India, Bangladesh to boost waterways connectivity

Governments of India and Bangladesh have signed several agreements to boost inland and coastal waterways connectivity between the two nations for trade and cruise movements

October 25, 2018

An addendum to the ‘Protocol on Inland Water Transit and Trade’ (PIWTT) between India and Bangladesh has been signed to include Dhubri in India and Pangaon in Bangladesh as new ports of call

Currently 3.5 million tonnes of cargo is transported on protocol routes through inland waterways which is expected to increase after the declaration of new ports of call and extension of protocol routes

India’s northeastern states would get connected to Kolkata and Haldia ports in West Bengal, and with that of Mongla in Bangladesh that which would facilitate movement EXIM cargo at lower costs

Under the US$114 billion Sagarmala initiative, the Indian Government is looking to leverage India’s more than 7,500 km coastline and 14,500 km of inland navigable waterways to boost the economy

On October 25 Governments of India and Bangladesh signed critical deals to boost inland and coastal waterways connectivity between the two nations that would increase trade and cruise traffic. India’s shipping secretary, Gopal Krishna, and his Bangladesh counterpart, Md. Abdus Samad, said that the two countries have agreed to use Chattogram and Mongla ports in Bangladesh for movement of goods to and from India. Meanwhile, a SOP has been signed for movement of passenger and cruise vessels. Additionally, an addendum to ‘Protocol on Inland Water Transit and Trade’ (PIWTT) between India and Bangladesh has been signed to include Dhubri in India and Pangaon in Bangladesh as new ports of call.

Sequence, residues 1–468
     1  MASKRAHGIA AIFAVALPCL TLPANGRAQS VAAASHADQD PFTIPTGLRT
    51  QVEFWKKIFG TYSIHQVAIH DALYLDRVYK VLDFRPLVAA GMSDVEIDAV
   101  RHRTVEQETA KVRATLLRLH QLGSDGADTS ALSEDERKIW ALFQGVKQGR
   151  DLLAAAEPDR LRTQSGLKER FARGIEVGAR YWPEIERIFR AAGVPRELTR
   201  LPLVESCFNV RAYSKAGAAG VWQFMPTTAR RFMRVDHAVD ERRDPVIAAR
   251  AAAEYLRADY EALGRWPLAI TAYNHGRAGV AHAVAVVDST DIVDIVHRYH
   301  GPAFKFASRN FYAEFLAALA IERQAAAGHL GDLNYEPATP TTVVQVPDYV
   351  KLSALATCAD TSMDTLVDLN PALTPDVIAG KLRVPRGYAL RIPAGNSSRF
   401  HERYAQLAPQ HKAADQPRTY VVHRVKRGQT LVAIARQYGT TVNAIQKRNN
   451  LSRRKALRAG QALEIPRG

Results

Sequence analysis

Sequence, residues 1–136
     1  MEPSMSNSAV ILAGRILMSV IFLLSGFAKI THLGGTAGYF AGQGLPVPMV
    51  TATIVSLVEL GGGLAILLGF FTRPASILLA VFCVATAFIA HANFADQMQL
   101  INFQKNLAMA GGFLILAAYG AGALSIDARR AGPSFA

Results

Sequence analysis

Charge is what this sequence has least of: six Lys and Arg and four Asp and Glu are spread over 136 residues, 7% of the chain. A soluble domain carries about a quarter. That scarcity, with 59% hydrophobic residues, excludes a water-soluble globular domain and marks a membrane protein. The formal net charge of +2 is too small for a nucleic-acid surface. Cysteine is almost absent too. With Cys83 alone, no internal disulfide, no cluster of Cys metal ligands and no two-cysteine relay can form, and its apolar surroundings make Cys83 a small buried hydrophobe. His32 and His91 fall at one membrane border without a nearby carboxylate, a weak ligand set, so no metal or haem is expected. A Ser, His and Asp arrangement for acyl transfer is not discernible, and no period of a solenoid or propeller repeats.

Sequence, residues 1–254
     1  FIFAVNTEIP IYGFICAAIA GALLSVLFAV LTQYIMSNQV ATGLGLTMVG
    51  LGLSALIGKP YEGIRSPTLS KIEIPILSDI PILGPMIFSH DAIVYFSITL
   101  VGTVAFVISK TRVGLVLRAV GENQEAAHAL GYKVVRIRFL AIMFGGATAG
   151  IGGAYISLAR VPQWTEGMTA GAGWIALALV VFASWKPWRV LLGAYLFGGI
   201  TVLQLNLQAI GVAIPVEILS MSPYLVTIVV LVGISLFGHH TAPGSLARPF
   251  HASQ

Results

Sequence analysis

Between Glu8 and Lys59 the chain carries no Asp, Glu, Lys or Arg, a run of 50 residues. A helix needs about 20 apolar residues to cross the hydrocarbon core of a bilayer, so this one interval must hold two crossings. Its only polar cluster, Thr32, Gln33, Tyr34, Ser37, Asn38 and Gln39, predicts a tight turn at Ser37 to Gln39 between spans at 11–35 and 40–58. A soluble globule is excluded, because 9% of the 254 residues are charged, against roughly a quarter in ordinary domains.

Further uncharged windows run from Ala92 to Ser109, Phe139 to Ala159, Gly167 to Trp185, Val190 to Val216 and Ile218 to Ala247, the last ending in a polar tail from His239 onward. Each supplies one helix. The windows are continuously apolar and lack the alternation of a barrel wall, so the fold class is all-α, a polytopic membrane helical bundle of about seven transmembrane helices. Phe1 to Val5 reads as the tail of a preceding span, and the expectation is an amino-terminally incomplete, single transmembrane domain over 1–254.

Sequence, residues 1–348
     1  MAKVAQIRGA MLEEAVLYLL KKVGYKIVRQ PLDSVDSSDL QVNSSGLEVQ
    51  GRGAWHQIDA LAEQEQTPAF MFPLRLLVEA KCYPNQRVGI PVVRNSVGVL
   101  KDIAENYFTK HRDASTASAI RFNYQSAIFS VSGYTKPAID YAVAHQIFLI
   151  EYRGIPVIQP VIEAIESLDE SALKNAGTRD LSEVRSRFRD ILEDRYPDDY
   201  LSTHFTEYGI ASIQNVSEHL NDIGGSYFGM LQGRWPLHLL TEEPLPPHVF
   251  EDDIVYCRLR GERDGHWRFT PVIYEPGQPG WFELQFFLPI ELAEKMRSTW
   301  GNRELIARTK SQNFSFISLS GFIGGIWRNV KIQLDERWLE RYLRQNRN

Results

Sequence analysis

The agreements will facilitate easier movement of goods and passengers, aiding trade and tourism. The two sides have also agreed to consider inclusion of Rupnarayan river (National Waterway-86) from Geonkhali to Kolaghat in the protocol route and to declare Kolaghat in West Bengal as new Port of Call. Meanwhile, Chilmari has been agreed to as a port of call in Bangladesh. The new arrangement will facilitate movement of fly ash, cement, construction materials, among others, from India to Bangladesh through Rupnarayan river. Further, both sides agreed to declare Badarpur on river Barak (NW 16) as an extended port of call of Karimganj in Assam and Ghorasal of Ashuganj in Bangladesh on reciprocal basis.

The Indian side has proposed for extension of the protocol routes from Kolkata up to Silchar in Assam. Currently 3.5 million tonnes of cargo is transported on protocol routes through inland waterways which is expected to increase substantially after the declaration of additional ports of call and extension of protocol routes. Under this arrangement, India’s northeastern states would get connected directly to the ports of Kolkata and Haldia in West Bengal, and with that of Mongla in Bangladesh through waterways which would facilitate movement EXIM cargo and would also reduce the logistic costs. Meanwhile, river cruise services are likely to commence between Kolkata – Dhaka – Guwahati – Jorhat and back.

Under the US$114 billion Sagarmala initiative, the Indian Government is looking to leverage India’s more than 7,500 km coastline and 14,500 km of inland navigable waterways. Waterways can potentially revolutionize Indian economy by connecting the remotest parts of the nation, while also operational efficiencies.